The main exhibition of the triennial “Translucency” was an international contemporary craft exhibition, curated by Danish glass artist and art historian Stine Bidstrup. The exhibition included around twenty artists, a quarter of them from Estonia.
Stine Bidstrup on the curatorial concept:
When light encounters a material, it can interact with it in several different ways. In the field of optics, transparency is the physical property of allowing light to pass through a material without being scattered. Materials that do not transmit light are called opaque.
Translucency allows light to pass through a material diffusely. It does not follow the laws of straightforward-ness.
When humans encounter materials, we interact with them in several different ways. We perceive and understand materials for their particular physical qualities, and materials act back on us through metaphysical figures; the fictive qualities we inevitably ascribe to them.
An example of this is the modernist desire for – and ambivalence about – transparency. For example, in the material form of glass and its ascribed promise of clarity, openness, and transcendence, which at the same time offers the possibility for observation and surveillance. More often than not – in architecture or politics or elsewhere – it is a sign of opacity, of not being able to see what is really going on. Looking in and looking out does not take place on equal grounds – transparency on the surface can, in fact, hide hermetic power structures and hierarchies. However, opacity, too, can be of value and at times, truly necessary.
The 2021 Tallinn Applied Art Triennial highlights the creative and critical potential of translucency. Depending on the context, translucency can reveal what is hidden or conceal what is seemingly visible. It is neither one nor the other, but can be approached as a metastable state, full of potential energy from which a structured process can arise. It is not dichotomous; it is a chiastic movement through pluralities and nuances of visibility and lack thereof. It is becoming rather than being.”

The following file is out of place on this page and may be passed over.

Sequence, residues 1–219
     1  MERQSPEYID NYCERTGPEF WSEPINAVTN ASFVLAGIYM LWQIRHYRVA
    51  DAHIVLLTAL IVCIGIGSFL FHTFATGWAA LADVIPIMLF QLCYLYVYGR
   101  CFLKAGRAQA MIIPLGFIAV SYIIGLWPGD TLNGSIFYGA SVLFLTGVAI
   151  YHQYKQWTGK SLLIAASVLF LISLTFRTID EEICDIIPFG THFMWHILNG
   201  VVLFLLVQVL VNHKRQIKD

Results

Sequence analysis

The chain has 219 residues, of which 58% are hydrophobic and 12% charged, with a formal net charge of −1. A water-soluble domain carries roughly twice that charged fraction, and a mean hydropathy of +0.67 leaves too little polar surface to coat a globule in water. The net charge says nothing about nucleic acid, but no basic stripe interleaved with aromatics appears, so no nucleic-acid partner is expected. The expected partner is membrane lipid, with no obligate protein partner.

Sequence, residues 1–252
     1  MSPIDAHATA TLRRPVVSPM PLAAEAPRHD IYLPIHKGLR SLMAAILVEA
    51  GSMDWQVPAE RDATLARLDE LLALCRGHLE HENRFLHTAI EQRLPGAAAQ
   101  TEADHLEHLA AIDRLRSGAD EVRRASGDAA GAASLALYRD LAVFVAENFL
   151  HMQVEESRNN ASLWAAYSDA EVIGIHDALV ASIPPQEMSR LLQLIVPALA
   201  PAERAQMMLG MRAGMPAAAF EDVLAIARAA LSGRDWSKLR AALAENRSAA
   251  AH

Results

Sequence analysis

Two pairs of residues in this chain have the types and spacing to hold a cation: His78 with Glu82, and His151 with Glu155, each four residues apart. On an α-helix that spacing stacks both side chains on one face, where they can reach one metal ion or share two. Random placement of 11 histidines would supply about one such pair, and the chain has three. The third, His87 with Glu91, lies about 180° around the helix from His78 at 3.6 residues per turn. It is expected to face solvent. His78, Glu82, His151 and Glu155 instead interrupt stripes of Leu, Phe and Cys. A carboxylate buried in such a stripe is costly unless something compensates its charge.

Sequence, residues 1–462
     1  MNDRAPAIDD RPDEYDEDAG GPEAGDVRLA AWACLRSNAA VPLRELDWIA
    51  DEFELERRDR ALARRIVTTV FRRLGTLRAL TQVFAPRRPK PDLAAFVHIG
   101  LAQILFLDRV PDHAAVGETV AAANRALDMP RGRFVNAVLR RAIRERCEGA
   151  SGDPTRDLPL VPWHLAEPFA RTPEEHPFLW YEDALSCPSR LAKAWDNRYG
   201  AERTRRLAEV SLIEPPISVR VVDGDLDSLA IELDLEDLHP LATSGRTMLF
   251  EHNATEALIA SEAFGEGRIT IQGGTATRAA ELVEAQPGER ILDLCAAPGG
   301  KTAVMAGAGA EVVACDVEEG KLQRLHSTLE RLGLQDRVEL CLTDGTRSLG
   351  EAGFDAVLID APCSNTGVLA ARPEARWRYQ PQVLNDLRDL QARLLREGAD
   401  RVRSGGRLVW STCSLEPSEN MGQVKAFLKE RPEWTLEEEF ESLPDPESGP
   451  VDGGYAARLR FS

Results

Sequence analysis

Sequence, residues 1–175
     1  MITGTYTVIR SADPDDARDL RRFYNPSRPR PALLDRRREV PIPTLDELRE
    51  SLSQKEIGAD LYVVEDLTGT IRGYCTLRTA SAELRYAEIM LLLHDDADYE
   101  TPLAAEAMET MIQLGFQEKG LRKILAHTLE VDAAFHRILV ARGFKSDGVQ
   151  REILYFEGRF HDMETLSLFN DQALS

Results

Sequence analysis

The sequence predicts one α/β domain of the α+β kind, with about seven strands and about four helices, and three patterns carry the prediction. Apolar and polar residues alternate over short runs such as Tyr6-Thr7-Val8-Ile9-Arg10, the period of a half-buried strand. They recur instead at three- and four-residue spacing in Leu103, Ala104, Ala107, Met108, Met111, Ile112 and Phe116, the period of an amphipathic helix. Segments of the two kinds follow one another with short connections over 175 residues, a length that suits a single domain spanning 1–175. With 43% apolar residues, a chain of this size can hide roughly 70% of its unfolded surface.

Curator: Stine Bidstrup
Organisers: Merle Kasonen, Anu Almik, Katre Ratassepp, Keiu Krikmann, Maret Sarapu
Design: Kärt Maran
Graphic design: Marje Eelma, Martin Eelma (Tuumik Stuudio)
Installation: Tõnu Narro, Mihkel Lember
Stine Bidstrup is a Danish glass artist, educator and art historian whose work and research explores optical phenomena, and interprets and brings ideas about utopian, architectural visions to life through glass sculptures, installation and video.
Her curiosity revolves around the power of perception and power of context and point of view in constructing our understanding through vision and how the human eye and mind are always engaged in myriad determinations and negotiations. By initiating active ways of looking, and fusing this with spatial and tactile experiences, she creates works that do not only envelop the eye and touch of the viewer, but also interject into cultural layers of memories and events.
Bidstrup holds art degrees from The Rhode Island School of Design and The Royal Danish Academy of Art School of Design, and a degree in art history from The University of Copenhagen. She has taught in Denmark and internationally, since 2007 at the Royal Danish Academy of Fine Art, School of Design, University of Wisconsin-Madison, and at several summer programs including Pilchuck Glass School and Haystack Mountain School of Crafts.
She maintains a studio in Copenhagen, goes to Småland Sweden to blow glass, and is represented by Heller Gallery in New York and FUMI Gallery in London. In 2018 Bidstrup joined the exhibition council at the Glass Museum Ebeltoft, and in 2019 she was awarded the 3-year work grant from The Danish Art Foundation.
Linda Aasaru (Estonia), Andrew Bearnot (USA), Erin Dickson (UK), Ditte Hammerstrøm (Denmark), Heidi Bach Hentze (Denmark), Sandra Kosorotova (Estonia), Eeva Käsper (Estonia), Julia Maria Künnap (Estonia), Helen Lee (USA), Jiyong Lee (USA), Eve Margus-Villems (Estonia), Reinoud Oudshoorn (Netherlands), Julija Pociute (Lithuania), Helena Tuudelepp (Estonia), Sandra Vaka (Norway), Hanna-Maria Vanaküla (Estonia), Sissi Westerberg (Sweden), Karlyn Sutherland (UK), Grethe Sørensen (Denmark) and Wang & Söderström (Sweden/Denmark).